“It was like somebody poured kerosene under my skin and then put a torch to me,” said William Thomas, a California physician addicted to a prescription drug that had been pushed by one of America’s wealthiest dynasties — the Sackler family.

Other substance abusers also came to Washington to tell their devastating stories — a banker, a priest, a housewife, a teacher — at a congressional hearing investigating an American drug crisis.

OxyContin, right?


This was 1979, and Sen. Edward M. Kennedy (D-Mass.) was holding a Health Committee hearing on Valium — the drug that about 15 percent of the nation was hooked on at the time. Kennedy called it “a nightmare of dependence.”

Hindsight shows us it was the Sacklers’ practice run.

The family learned this week that only a small chunk of their fortune would be paid for the nightmare their drug gave our nation after a New York court cut them a sweet deal, granting them immunity in all current and future lawsuits involving their dealings in the opioid business in exchange for a $6 billion settlement to eight states and D.C. Between 1999 and 2020, more than 564,000 people died of opioid overdoses, according to the Centers for Disease Control and Prevention.

The Sacklers still have billions. And they’ll never have to pay for their patriarch’s first foray into rope-a-doping their fellow Americans into prescription drugs. At the time, activists, reporters and legislators didn’t tie the Sackler name to Valium.

The disco-era hearings told a story stunningly similar to what our nation just went through with the opioid crisis, right down to a drug company insisting its pills aren’t addictive, that it’s just a small group of people who are the problem, according to news accounts of the hearings.

Hoffmann-La Roche, maker of Valium and Librium, was mentioned in the hearings, but not Arthur M. Sackler, who revolutionized the marketing of prescription drugs and made Valium the top-selling drug in America for years. He was even honored by the Medical Advertising Hall of Fame, which in a 1997 induction credited him with medical training that helped him “distinguish for the physician the complexities of anxiety and psychic tension. Accordingly, Valium became the first $100 million drug, a then staggering sales figure.”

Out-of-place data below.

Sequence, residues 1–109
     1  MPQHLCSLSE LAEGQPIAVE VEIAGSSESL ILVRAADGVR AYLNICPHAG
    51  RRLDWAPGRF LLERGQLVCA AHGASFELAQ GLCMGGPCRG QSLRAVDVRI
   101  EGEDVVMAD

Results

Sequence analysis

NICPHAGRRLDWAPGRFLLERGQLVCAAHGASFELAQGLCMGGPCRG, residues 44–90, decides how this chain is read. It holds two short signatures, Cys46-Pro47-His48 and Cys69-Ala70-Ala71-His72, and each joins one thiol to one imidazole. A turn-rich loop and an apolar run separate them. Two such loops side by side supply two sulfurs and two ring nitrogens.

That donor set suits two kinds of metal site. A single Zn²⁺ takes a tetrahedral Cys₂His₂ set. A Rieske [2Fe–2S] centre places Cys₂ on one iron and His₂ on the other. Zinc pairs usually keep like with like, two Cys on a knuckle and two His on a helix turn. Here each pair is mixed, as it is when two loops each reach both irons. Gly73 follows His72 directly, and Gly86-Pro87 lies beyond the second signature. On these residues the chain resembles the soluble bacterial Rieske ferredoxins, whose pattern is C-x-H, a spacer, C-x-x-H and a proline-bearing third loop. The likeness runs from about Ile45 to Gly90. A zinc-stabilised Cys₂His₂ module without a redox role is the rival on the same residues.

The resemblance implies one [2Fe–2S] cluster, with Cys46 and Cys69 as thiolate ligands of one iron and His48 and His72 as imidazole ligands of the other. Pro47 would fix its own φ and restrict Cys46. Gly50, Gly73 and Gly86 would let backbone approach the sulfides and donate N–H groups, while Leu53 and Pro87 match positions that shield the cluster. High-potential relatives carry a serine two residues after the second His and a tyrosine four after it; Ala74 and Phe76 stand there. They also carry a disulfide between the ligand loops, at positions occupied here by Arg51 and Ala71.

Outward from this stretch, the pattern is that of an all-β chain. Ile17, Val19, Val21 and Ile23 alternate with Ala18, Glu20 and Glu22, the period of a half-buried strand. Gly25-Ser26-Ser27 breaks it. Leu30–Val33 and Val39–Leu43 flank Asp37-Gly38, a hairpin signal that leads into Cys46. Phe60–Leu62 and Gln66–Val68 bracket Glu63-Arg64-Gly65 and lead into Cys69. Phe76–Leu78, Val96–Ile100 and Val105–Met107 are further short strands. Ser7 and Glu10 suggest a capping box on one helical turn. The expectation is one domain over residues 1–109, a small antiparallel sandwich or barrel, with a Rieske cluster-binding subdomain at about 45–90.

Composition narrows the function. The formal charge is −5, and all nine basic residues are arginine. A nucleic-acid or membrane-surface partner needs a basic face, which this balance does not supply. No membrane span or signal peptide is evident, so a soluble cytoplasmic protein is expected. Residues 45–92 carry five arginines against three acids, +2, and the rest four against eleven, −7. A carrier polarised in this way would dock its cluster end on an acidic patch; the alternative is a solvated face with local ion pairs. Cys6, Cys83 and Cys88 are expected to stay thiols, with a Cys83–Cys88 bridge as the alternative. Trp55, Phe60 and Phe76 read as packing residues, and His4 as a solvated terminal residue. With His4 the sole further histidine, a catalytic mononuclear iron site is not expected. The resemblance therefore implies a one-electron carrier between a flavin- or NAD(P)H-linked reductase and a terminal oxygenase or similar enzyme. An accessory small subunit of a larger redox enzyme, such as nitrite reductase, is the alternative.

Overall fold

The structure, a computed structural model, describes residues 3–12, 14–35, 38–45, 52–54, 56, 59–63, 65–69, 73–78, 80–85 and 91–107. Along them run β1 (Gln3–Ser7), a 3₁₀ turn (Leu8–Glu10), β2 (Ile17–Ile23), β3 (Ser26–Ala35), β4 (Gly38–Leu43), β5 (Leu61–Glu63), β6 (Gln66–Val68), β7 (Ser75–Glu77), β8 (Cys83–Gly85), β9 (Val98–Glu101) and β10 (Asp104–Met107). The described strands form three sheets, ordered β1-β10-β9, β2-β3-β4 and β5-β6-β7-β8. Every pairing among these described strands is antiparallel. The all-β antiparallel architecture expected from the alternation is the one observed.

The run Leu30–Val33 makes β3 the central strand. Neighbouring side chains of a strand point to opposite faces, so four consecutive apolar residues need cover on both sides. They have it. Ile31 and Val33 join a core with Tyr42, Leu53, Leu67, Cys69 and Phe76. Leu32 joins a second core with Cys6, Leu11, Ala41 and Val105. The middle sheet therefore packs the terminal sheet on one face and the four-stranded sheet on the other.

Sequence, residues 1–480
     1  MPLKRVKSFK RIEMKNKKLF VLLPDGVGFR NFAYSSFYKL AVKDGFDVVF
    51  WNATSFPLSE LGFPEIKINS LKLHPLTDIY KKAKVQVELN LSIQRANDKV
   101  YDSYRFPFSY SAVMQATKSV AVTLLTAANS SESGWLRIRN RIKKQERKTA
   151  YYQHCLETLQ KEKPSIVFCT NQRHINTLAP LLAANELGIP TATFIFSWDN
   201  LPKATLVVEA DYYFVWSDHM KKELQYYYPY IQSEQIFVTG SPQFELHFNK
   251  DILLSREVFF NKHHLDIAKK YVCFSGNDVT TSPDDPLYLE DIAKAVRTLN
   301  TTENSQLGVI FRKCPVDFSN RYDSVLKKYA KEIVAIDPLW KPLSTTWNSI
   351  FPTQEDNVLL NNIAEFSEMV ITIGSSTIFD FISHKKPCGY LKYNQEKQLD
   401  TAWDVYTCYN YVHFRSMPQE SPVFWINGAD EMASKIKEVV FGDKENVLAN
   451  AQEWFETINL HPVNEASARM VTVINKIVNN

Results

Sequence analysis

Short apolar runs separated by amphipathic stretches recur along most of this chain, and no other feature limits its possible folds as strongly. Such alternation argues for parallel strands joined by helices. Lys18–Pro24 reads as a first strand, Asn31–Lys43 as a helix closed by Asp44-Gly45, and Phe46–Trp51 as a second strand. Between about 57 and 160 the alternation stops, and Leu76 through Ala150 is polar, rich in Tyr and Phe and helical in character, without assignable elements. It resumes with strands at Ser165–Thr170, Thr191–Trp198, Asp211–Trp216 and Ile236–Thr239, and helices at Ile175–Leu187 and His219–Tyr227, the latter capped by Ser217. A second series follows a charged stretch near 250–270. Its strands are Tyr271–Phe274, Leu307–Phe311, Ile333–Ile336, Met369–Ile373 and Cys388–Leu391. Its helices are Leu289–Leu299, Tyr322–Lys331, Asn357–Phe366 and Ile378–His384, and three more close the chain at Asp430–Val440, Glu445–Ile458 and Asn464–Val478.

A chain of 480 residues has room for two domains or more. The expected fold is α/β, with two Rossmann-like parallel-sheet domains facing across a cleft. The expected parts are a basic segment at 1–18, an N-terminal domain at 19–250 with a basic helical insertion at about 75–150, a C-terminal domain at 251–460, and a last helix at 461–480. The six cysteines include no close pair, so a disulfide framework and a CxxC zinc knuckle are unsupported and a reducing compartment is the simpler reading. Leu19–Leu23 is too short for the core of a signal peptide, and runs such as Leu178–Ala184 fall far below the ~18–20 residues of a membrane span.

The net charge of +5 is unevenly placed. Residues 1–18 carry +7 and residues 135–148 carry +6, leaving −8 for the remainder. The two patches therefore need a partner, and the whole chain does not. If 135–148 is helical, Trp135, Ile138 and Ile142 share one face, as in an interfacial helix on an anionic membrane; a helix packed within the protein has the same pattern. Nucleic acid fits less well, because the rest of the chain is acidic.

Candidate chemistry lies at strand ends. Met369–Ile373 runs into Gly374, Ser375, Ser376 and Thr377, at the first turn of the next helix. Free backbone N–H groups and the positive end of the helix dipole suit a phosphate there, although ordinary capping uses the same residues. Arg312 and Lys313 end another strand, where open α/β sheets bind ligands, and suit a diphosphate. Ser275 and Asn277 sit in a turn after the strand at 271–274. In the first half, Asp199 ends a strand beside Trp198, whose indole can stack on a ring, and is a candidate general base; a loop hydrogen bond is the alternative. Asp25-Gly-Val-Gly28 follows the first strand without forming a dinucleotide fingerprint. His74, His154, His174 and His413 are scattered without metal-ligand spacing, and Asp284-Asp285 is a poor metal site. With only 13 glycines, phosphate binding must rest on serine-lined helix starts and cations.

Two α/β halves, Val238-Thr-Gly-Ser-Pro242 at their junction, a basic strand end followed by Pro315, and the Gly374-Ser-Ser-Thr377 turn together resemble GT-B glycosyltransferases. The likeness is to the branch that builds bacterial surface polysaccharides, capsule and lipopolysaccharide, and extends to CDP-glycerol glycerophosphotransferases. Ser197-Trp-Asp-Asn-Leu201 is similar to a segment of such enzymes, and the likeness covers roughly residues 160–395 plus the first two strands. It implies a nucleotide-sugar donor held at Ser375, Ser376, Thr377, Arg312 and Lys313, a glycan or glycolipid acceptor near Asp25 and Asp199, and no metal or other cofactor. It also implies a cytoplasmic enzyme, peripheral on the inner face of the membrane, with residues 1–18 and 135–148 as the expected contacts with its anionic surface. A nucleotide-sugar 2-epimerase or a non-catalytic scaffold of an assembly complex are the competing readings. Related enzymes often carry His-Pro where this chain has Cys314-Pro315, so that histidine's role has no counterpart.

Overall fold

The ads for tranquilizers in the 1970s targeted women’s depression, anxiety and desperation in the early days of the feminist revolution, promising the pill that the Rolling Stones in the 1960s called “Mother’s Little Helper” would make sure a housewife could “cook breakfast again,” or that the mom tied up by her costume-wearing kid “can cope.”

At that time, the Sackler name was making news for the funding of art galleries, museums and schools.

Three years after the congressional hearing into the way Arthur M. Sackler marketed Valium to America, he returned to D.C. to give the Smithsonian $20 million worth of Asian art and a $4 million check to construct a gallery for it.

The Valium king’s name remains etched in stone here; the Arthur M. Sackler Gallery is on the National Mall. And even though museums and galleries across the globe are removing the Sackler name from their walls, it’s going to have to remain in Washington, officials said.

“Our 1982 gift agreement with Arthur Sackler designating the museum building as the Arthur M. Sackler Gallery in perpetuity is a legally binding contract,” said Linda St. Thomas, chief spokesperson for the Smithsonian Institution.

They rewrote their policy in 2011 and now a donor only gets to name a space for 20 years, or until the next major renovation. And they did a soft rebrand of the Sackler site, combining it with the Freer Gallery (Charles Lang Freer was a railroad guy who turned to art after breaking down in exhaustion, and as far as history shows us, he wasn’t an extremely destructive rich guy) to form the National Museum of Asian Art.

Arthur Sackler’s widow, Dame Jillian Sackler, launched an outrage tour when museums began removing the Sackler name, especially after Sen. Jeff Merkley (D-Ore.) asked the Smithsonian to remove the Sackler name from the gallery three years ago.

“Arthur died of a heart attack nearly 32 years ago at age 73, nearly a decade before OxyContin came to market,” she said in a 2019 op-ed in The Washington Post.

“Neither Arthur nor his heirs had anything to do with the manufacture or marketing of OxyContin. Suggestions that his philanthropy is now somehow tainted are simply false.”

Yet the Sacklers followed their patriarch’s Valium playbook to push the far-deadlier OxyContin. It was the direct marketing to doctors and playing down the drug’s addictive nature — exactly what drove billions in Valium sales annually in the 1970s — that fueled the opioid crisis. The warnings about this kind of marketing were clear, even back in 1979.

At that 1979 Valium hearing, Kennedy asked Joseph Pursch, a doctor who headed an alcohol rehabilitation service at a naval medical center in California, how addictive the drug was.

Pursch said he’d seen people become addicted to the tranquilizer in six weeks.

“None of these drugs solve our problems,” Pursch said. “They make people feel better because they make you feel dull and insensitive. But they don’t solve anything.”

The Sackler family is immune from being sued by anyone else whose life was devastated by the drugs they got filthy rich from. But they aren’t immune from the continued public scorn that we could — and should — offer them.

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